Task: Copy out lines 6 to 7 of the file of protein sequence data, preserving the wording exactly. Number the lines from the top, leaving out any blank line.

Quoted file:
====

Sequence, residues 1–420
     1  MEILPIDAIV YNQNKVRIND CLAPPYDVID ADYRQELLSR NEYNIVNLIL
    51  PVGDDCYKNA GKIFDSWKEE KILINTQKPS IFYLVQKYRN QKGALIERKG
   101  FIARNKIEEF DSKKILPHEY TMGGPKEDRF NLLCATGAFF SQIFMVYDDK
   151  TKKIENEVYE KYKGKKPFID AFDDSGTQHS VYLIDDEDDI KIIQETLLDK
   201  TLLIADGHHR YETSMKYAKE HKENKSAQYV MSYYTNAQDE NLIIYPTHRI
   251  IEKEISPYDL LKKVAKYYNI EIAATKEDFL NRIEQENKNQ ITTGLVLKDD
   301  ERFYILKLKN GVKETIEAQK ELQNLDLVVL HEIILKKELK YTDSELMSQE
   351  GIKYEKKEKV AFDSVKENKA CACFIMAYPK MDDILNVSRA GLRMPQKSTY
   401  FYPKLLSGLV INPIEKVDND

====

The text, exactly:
   201  TLLIADGHHR YETSMKYAKE HKENKSAQYV MSYYTNAQDE NLIIYPTHRI
   251  IEKEISPYDL LKKVAKYYNI EIAATKEDFL NRIEQENKNQ ITTGLVLKDD